# Is the complement of an affine variety always a divisor?

Let $X$ be a connected affine variety over an algebraically closed field $k$, and let $X \subset Y$ be a compactification, by which I mean $Y$ is a proper variety (or projective if you prefer), and $X$ is embedded as an open dense subset.

I am guessing that it is not always the case that $Y\setminus X$ is a divisor, one could imagine it being a single point with a horrible singularity. But if $Y$ is smooth or even normal, is it the case that $Y\setminus X$ is always a divisor? Does anybody know a proof of such a result?

Thanks, Dan

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Affirmative even in the normal case, but this is a good exercise to work on more on your own. Hint: look at local ring at a generic point of the complement (assuming it is non-empty). As an aside, this plays a key role in producing the ample divisor in the proof that abelian varieties are projective! – BCnrd Apr 21 '10 at 12:24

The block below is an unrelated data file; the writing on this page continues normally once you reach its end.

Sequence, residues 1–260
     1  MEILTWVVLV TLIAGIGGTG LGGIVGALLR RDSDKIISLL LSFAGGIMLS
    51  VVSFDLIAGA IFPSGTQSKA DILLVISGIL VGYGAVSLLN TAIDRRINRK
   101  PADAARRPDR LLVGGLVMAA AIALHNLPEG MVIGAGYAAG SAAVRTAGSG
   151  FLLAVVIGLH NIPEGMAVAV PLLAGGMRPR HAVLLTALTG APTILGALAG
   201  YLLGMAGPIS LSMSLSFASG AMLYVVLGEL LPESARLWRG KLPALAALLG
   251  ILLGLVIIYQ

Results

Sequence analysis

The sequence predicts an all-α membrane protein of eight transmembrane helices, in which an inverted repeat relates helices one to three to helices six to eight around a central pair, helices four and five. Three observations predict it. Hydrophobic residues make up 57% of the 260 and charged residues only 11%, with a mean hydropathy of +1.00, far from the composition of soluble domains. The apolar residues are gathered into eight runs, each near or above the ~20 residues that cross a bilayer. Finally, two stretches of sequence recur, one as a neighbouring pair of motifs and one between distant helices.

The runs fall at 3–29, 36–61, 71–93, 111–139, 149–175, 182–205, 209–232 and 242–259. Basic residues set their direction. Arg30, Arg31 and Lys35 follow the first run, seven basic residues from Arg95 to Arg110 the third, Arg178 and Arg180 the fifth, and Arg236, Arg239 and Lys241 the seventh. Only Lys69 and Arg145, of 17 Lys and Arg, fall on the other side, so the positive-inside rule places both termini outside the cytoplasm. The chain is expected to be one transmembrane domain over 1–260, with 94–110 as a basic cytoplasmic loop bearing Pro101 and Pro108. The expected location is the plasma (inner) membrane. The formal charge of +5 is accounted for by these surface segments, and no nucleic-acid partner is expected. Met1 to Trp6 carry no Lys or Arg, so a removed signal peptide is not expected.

A side remark: such a divisor must also be connected if dimension of $X$ is $\geq{2}$ ! – Maharana May 2 '10 at 7:02

It it true for any $Y$: see Corollaire 21.12.7 of EGAIV.
Have fun. By considering the normalization of $Y$, it is easy to reduce to the normal case. You don't need to speak French to read EGA. You don't even to really read it, only learn a few technical words and some funny-looking verbal forms. – Angelo Apr 21 '10 at 19:20
I think this paper discusses the question: If the complement of a divisor on a projective variety is affine, what positivity properties does the divisor have? In the OPs question, $X$ does not have to be projective. – J.C. Ottem Apr 21 '11 at 8:56